Colombia has a bad reputation and I would be lying if I said I didn’t fall into believing many of the negative stereotypes surrounding this country before I went on exchange. It is safe to say I was scared to leave Australia and enter a presumably ‘dangerous’ country where no one spoke English. However the Colombia I have visited and experienced stays true to its tourism slogan ‘the only risk is wanting to stay’. Having the opportunity to live, travel and experience this country first hand is something I hold very close to my heart.

From the beaches on the Caribbean coast in the cities of Cartagena and Santa Marta to the metropolis city of Medellin, drinking cups of freshly brewed coffee in the coffee triangle and learning to salsa in Cali. During my time on exchange I was lucky enough to travel and experience the diversity that Colombia has to offer. One of my favourite experiences was a 5 day trek through the Colombian jungle to visit La Ciudad Perdida (The Lost City). On top of these things I was able to immerse myself and fall in love with the culture, the lifestyle and the people of Colombia.
 

My first week at Javeriana was shaky at the least. I had timetabling issues as well as a big shock on how unprepared I felt due to my level of Spanish. However once I got over the language barrier, these issues were quickly resolved by the exchange team at Javeriana and UQ Abroad, then I was well on my way to a full semester of study. I ended up taking 3 subjects taught in Spanish and 2 taught in English in the areas of Political Science and Arts. Learning about the history, culture and political issues in Colombia, among other subjects, were by far some of the most interesting, rewarding and challenging classes that I have taken in my 3 years of study. I strongly recommend having an intermediate to advanced level of Spanish to study at Javeriana but despite this most professors and students are more than accommodating and happy to help out exchange students. 
 

Bogota can seem a little overwhelming at the start which is exactly how I felt. I have never lived in such a large city therefore everything was new and exciting to me. Once you get used to the ‘colectivos’, exploring the city becomes easy and it is something I definitely recommend taking the time to do. I rented an apartment within walking distance to the university in an area called ‘Chapinero’. This suburb is decorated with student filled bars and cafes, restaurants where you can get $5-7 daily menus, music stores, clothing boutiques and everything a student would want and/or need. If you can score accommodation here I promise you will love it!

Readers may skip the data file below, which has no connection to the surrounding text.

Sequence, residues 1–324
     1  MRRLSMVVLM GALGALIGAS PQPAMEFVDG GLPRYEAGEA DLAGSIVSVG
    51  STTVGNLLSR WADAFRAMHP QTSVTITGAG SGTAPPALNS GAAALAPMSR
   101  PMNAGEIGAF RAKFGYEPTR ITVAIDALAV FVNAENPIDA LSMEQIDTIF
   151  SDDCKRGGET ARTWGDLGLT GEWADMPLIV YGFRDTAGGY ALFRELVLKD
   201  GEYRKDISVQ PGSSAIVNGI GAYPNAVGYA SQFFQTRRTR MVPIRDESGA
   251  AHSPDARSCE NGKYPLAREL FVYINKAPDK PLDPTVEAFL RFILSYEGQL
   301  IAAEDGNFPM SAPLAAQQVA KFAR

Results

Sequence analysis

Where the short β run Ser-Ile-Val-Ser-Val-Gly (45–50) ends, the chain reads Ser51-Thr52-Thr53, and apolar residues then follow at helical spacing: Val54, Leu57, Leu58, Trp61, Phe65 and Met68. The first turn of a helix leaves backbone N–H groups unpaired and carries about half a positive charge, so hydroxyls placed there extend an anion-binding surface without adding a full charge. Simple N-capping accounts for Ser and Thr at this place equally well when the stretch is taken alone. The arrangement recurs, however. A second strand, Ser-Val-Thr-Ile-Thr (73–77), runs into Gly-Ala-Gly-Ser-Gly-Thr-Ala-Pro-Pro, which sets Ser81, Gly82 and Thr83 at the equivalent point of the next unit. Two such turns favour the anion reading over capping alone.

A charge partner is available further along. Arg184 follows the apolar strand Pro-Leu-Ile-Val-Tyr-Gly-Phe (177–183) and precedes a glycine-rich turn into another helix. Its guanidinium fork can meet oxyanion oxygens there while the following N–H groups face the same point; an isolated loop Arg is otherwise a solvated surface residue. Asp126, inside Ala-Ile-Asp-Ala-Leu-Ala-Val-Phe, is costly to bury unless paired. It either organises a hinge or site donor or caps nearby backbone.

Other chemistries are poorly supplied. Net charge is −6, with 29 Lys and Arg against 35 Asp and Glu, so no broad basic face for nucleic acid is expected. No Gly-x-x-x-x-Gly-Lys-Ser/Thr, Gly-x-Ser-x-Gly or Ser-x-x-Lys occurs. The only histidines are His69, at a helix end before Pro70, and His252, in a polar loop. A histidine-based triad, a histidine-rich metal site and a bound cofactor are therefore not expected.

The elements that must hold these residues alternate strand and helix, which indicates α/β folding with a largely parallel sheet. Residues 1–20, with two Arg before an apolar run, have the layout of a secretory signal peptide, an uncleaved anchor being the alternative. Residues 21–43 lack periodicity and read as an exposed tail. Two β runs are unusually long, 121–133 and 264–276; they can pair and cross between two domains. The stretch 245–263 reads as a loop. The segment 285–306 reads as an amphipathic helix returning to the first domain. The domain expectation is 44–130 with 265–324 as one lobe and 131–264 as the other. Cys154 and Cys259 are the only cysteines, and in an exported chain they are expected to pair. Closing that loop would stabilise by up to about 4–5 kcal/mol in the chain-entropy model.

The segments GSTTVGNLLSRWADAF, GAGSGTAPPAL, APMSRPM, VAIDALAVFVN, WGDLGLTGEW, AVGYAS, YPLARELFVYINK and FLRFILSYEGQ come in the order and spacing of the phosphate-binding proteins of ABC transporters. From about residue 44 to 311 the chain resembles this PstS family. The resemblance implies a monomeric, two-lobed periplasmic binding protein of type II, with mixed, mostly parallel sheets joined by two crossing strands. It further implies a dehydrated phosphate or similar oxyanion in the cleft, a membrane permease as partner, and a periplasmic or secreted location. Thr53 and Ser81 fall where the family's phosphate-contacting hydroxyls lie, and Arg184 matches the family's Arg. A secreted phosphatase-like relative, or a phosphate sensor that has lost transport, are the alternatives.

Before you ask, yes I did find it hard, I did stress over assignments and the significantly larger workload at Javeriana but I would not have changed my choice for exchange for anywhere else. One thing to remember is that when you look back on an exchange experience you don’t remember how hard the exams and assignments were, you remember the friends you meet, the experiences you have and the memories you made. My time in Javeriana, Bogota and Colombia are some of the most valuable and memorable experiences I have had and I am truly grateful to have had this opportunity during my studies. I highly recommend anyone to go on exchange in Colombia or anywhere in the world because it will be an experience you will hold in your heart forever.

Top Tips:

  • Choose subjects you know you will be interested in
  • Have an umbrella because it rains almost every second day in Bogota
  • Join ‘Out of Town Javeriana’ a group of students that organise parties and weekend trips for exchange students
  • Try ‘Crepes & Waffes’ and ‘Wok’ the restaurants that took most of my money on a weekly and almost daily basis!
  • Don’t be scared to speak Spanish (students are more than eager to practice their English)
     

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